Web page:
The EU’s New Industrial Strategy calls for a shift from linear production to a circular economy. From 1970 to 2017, the annual global extraction of materials grew from 27 billion tons to 92 billion tonnes, while the annual average material demand grew from 7 – 12 tons per capita.
In order to support the SIP’s aims of ‘securing raw material supply’, it is essential to focus on strategies that reduce demand for these materials in the first place. These would include tackling consumption levels and providing support to key value retention activities including re-use, preparation for re-use, repair and remanufacturing. The production of goods and management of land account for 45% of global GHG emissions (IPCC,2014 – See Annex A) . Extending the lifetime of all washing machines, notebooks, vacuum cleaners and smartphones in the EU by just one year would save around 4 million tonnes of CO2 annually by 2030, the equivalent of taking 2 million cars of the roads for a year (EEB, 2019). The opportunities for resource and carbon savings are vast and the SIP can be a tremendous catalyst for change.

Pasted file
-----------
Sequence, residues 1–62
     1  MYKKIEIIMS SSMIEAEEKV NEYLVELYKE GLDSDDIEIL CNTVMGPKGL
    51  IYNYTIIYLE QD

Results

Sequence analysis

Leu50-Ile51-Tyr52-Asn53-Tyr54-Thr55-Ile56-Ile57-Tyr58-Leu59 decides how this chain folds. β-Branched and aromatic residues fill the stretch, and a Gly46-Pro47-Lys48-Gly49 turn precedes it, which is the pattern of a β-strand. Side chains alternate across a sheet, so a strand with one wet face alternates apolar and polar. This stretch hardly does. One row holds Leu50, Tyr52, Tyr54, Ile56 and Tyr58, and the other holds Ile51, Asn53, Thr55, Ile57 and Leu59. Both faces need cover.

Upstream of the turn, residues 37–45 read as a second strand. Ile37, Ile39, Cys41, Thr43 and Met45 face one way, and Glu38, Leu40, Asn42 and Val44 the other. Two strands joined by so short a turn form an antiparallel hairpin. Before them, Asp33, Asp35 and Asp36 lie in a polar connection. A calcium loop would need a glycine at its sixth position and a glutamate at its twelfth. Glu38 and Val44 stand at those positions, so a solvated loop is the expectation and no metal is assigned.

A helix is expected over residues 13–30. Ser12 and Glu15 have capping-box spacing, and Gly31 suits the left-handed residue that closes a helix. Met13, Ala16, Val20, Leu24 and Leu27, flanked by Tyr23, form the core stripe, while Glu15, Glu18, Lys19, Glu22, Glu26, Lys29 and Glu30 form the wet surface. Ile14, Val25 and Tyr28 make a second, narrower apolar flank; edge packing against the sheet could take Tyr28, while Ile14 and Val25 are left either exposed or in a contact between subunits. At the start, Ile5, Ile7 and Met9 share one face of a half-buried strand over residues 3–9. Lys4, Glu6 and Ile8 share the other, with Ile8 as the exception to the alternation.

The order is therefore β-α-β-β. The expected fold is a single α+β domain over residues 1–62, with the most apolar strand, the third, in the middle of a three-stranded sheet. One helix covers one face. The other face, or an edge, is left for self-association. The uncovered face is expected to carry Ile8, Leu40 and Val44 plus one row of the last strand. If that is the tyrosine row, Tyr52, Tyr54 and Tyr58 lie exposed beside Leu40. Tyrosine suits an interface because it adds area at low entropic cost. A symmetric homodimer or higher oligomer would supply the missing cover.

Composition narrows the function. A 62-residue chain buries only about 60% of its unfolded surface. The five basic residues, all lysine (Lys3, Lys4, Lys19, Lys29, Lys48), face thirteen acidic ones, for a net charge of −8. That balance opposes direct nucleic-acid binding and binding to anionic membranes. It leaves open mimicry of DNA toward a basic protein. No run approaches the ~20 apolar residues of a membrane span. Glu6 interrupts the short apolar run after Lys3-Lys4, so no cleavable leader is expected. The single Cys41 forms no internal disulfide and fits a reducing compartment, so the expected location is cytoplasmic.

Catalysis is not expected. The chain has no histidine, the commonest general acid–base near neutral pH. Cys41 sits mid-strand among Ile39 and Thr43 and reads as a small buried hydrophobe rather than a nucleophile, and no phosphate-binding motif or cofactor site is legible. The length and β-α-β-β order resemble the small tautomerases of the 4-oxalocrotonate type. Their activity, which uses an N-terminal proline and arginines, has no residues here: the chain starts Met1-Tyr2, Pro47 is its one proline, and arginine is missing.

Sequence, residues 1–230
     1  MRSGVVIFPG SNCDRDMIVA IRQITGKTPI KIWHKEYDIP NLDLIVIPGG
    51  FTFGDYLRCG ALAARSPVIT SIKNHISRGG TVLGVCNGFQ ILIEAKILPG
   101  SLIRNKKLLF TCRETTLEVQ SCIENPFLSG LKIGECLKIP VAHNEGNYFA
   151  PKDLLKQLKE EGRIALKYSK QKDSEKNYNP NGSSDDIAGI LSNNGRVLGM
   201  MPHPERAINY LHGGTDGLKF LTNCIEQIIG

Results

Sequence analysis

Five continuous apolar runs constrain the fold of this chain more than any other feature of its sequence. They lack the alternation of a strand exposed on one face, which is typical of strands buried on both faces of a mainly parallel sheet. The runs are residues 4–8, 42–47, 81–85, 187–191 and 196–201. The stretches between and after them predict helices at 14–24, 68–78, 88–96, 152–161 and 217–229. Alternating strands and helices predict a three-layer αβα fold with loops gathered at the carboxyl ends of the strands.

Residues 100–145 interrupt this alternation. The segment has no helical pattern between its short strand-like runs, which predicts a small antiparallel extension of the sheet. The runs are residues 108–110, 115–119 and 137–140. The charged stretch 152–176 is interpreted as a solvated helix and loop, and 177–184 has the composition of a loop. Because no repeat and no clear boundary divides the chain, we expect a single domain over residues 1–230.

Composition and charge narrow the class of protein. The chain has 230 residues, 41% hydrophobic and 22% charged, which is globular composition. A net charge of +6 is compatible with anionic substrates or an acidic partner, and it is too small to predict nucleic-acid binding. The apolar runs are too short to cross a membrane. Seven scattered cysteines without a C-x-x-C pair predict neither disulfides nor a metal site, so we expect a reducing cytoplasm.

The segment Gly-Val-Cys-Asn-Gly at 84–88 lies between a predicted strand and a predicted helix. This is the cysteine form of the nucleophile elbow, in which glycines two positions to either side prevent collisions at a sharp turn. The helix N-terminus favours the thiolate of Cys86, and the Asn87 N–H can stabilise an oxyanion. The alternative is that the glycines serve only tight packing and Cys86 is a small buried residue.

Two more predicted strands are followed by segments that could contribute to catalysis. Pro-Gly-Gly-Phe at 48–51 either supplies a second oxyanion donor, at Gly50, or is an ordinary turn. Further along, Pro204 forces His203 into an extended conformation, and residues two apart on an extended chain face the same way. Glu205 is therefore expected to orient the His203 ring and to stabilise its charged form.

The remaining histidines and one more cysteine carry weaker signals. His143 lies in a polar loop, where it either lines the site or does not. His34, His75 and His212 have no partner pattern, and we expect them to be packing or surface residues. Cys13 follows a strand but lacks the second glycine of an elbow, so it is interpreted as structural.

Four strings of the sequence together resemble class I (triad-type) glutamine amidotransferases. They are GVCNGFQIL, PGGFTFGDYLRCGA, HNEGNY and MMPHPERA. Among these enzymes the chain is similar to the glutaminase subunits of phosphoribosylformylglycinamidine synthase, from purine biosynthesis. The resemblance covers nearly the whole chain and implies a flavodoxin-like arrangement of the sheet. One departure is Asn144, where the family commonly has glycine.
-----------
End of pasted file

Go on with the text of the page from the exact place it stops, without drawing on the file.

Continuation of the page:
With product lifetime extension through re-use, preparation for re-use and repair now firmly within the EU’s Circular Economy Action Plan a future SIP should provide clear and unambiguous complementarity including on the following actions:
- Setting EU-Wide waste reduction targets (including potential re-use and preparation for re-use targets by 2024 under the WFD)
- A legislative proposal for a sustainable product policy initiative (including follow-up work on design for durability, reparability under Ecodesign Directive)
- An EU Circular Electronics Initiative
- Other key sectoral strategies on textiles, batteries, construction materials and food waste
The following sections provide non-exhaustive comments on how this complementarity could be achieved, not only helping reduce material flows but also providing local, green and job rich circular alternatives.
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Picture Credit © Blaz Erzetic